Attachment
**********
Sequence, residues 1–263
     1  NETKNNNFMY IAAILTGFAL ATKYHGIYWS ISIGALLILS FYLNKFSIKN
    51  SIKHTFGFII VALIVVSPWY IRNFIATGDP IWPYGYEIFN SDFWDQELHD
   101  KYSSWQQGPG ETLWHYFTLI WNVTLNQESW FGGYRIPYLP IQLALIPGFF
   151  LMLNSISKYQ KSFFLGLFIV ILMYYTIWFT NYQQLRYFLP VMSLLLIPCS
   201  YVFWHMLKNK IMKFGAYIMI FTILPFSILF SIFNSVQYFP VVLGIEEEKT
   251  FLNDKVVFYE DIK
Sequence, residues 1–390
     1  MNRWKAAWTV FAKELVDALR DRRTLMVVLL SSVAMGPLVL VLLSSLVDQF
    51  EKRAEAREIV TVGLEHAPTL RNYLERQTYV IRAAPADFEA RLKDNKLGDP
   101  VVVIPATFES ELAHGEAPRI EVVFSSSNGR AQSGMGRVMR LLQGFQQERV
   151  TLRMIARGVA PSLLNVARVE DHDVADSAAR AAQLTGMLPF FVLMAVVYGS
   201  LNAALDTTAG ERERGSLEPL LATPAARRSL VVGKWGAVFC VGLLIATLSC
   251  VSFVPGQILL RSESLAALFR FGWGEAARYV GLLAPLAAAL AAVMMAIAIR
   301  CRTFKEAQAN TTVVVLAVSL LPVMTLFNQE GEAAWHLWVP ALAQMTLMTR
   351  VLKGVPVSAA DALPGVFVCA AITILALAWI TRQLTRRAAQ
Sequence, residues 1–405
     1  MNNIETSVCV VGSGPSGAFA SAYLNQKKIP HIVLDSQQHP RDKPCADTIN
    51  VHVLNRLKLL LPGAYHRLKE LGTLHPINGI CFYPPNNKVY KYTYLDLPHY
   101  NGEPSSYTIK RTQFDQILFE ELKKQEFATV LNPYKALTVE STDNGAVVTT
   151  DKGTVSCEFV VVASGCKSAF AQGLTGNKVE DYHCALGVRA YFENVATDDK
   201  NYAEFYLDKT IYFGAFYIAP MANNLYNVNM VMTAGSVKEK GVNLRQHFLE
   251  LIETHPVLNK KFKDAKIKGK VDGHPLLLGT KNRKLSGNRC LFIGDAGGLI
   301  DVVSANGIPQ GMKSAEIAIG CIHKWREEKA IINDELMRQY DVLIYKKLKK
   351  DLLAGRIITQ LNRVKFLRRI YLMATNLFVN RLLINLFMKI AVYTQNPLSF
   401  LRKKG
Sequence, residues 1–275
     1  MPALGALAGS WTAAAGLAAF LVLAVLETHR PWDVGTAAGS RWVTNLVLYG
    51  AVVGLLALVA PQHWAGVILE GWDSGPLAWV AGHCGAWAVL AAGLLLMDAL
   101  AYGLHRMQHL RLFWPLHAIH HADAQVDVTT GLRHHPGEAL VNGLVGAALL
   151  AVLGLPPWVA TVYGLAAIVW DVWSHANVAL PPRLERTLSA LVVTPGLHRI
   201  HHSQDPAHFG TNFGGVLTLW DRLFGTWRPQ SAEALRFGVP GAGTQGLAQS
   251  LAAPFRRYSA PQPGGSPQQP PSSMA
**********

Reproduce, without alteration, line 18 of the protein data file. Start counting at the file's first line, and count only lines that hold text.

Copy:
     1  MNNIETSVCV VGSGPSGAFA SAYLNQKKIP HIVLDSQQHP RDKPCADTIN